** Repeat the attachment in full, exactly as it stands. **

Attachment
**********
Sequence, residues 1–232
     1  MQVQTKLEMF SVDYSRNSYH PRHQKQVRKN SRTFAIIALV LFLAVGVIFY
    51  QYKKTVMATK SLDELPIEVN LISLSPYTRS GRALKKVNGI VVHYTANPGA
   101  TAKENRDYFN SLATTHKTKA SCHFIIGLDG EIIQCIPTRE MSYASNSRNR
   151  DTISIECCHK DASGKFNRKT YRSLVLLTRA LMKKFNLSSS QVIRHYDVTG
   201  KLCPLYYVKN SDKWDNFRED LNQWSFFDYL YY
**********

Sequence, residues 1–232
     1  MQVQTKLEMF SVDYSRNSYH PRHQKQVRKN SRTFAIIALV LFLAVGVIFY
    51  QYKKTVMATK SLDELPIEVN LISLSPYTRS GRALKKVNGI VVHYTANPGA
   101  TAKENRDYFN SLATTHKTKA SCHFIIGLDG EIIQCIPTRE MSYASNSRNR
   151  DTISIECCHK DASGKFNRKT YRSLVLLTRA LMKKFNLSSS QVIRHYDVTG
   201  KLCPLYYVKN SDKWDNFRED LNQWSFFDYL YY